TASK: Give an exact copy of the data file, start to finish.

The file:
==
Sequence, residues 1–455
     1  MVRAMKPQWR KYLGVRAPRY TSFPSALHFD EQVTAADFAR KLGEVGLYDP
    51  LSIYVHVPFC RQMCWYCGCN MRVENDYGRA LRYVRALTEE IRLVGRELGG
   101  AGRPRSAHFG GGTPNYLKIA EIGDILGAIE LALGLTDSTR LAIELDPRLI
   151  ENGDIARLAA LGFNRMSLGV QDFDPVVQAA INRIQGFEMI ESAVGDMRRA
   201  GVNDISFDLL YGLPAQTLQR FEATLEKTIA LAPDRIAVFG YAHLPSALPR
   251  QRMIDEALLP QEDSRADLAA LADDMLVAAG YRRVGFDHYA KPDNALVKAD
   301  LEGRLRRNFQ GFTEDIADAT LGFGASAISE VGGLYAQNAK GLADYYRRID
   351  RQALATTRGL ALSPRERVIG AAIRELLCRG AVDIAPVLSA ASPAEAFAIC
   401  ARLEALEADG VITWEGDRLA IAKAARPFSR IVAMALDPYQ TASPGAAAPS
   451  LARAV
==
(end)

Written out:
Sequence, residues 1–455
     1  MVRAMKPQWR KYLGVRAPRY TSFPSALHFD EQVTAADFAR KLGEVGLYDP
    51  LSIYVHVPFC RQMCWYCGCN MRVENDYGRA LRYVRALTEE IRLVGRELGG
   101  AGRPRSAHFG GGTPNYLKIA EIGDILGAIE LALGLTDSTR LAIELDPRLI
   151  ENGDIARLAA LGFNRMSLGV QDFDPVVQAA INRIQGFEMI ESAVGDMRRA
   201  GVNDISFDLL YGLPAQTLQR FEATLEKTIA LAPDRIAVFG YAHLPSALPR
   251  QRMIDEALLP QEDSRADLAA LADDMLVAAG YRRVGFDHYA KPDNALVKAD
   301  LEGRLRRNFQ GFTEDIADAT LGFGASAISE VGGLYAQNAK GLADYYRRID
   351  RQALATTRGL ALSPRERVIG AAIRELLCRG AVDIAPVLSA ASPAEAFAIC
   401  ARLEALEADG VITWEGDRLA IAKAARPFSR IVAMALDPYQ TASPGAAAPS
   451  LARAV